Food allergy awareness depends on a successful communications strategy.

This week marks the 21st annual Food Allergy Awareness Week and it’s possible that you saw some coverage or social media posts, then didn’t think about allergy awareness again.

But let me give you at least one reason to think about allergies and how they affect us. Did you know that 32 million Americans suffer from serious or life-threatening food allergies? Were you aware that number translates to about one in every 13 children — roughly two in every U.S. classroom? And every three minutes, a food allergy reaction sends someone to the emergency room.

So why don’t more people know about the food allergy epidemic we’re currently facing? Sure, the average parent, teacher and student has heard of Food Allergy Research and Education’s (FARE) “Teal Pumpkin Project,” aimed at identifying allergy-safe houses on Halloween, but most are unaware of this ever-growing public health crisis.

Yep, that’s right; many in the health and food allergy field have elevated the food allergy epidemic to the level of a public health crisis to which there is no cure. Since 2016, food allergy insurance claims have increased across the U.S. by 377%. In this battle to find a cure, it’s become even more important to make sure that organizations like FARE and their counterparts are equipped to properly message this crisis so that it becomes more widely known by the general public.

For an interesting comparison, there are roughly a million patients that suffer from MS in the U.S. While this is a huge number of those who endure the disease, there are fewer individuals with MS compared to those who suffer allergies; yet, the disease’s media attention far outweighs that of food allergies by nearly 10 thousand pieces of coverage in the past year. By no means do we think MS should be getting less coverage; however, food allergy awareness organizations should be working to get more attention and coverage around this cause too.

Graph created using Trendkite

In taking a deeper dive into the coverage of these two issues, it’s clear that making the most of moments in time and valuable spokespeople are important for boosting awareness.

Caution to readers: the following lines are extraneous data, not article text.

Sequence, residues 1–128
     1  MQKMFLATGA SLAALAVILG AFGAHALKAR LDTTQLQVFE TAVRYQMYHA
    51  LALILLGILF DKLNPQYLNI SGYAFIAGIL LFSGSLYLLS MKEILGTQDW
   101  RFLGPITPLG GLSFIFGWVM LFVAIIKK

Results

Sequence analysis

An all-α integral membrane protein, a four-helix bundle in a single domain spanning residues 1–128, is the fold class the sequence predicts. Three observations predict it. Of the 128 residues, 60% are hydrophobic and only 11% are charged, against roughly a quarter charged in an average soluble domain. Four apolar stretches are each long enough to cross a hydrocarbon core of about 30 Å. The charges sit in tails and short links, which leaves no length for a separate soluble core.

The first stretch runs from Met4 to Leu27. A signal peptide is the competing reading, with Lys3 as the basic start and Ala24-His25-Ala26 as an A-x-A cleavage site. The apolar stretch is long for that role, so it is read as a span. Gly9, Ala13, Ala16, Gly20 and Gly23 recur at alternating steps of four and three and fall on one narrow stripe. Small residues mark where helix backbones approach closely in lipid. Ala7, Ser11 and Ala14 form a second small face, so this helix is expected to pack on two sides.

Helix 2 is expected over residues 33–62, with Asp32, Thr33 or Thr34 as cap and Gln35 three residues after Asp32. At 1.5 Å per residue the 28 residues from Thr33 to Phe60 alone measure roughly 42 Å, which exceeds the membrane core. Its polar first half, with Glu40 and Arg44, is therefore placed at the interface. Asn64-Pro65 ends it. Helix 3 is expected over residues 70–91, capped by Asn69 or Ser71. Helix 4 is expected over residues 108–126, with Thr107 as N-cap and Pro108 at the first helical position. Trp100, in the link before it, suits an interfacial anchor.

Looking at the coverage spikes between MS and food allergies, we see almost identical coverage trajectories — with mirror peaks and valleys throughout the year. The difference comes in the level of coverage. In total, MS has 17,590 pieces of coverage in the last year, whereas food allergy stories have only 7,773. The National Multiple Sclerosis Society has 681 pieces of coverage, with FARE having only 212.

We can draw a couple of conclusions based on these coverage patterns:

  1. The general population does not fully recognize food allergies as a serious public health epidemic.
  2. The general public and media do not see MS in the same vein that they see food allergy.
  3. Heightened awareness of the food allergy epidemic depends on a successful communications strategy.

In increasing coverage and, in turn, awareness, of the food allergy epidemic, we must develop strong communications campaigns. First, it will be important to create a media and publicity campaign for food allergy awareness. FARE is building awareness momentum for the food allergy epidemic. Contains: CourageFARE’s five-year campaign highlights the courage needed by the tens of millions of Americans dealing with food allergies every day and is one small part of the larger effort to create a buzz around food allergies. The goal of this campaign and the efforts of other food allergy organizations is to educate the general population on the daily battle of avoiding a life-threatening allergic reaction and emphasize the daily burden on food allergy patients to ensure their own safety with such a lack of treatment.

A campaign alone, though, is not enough to raise the visibility of an issue like this. As part of the campaign, food allergy awareness organizations need to ensure that they have valuable and relevant spokespeople to add a personal touch and uplevel the impact of this campaign. Using a two-pronged approach will be important here. Giving voice to the average person, or child, with food allergies, will make sure that the issue hits home. However, to get national attention, it will make a huge difference to have a celebrity involved with the campaign — obviously easier said than done.

If you think about all of the public health campaigns that have garnered national attention and developed a strong following, it’s the way they have communicated the problem at hand that has made the real difference. The more people who know and understand a health issue as important as a food allergy, the greater the level of donations, empathy from the public and desire to get involved.

The food allergy epidemic will reach the awareness level of other health crises, only as the existing communications strategy expands and stakeholders assist organizations in the important work to make this more widely known.


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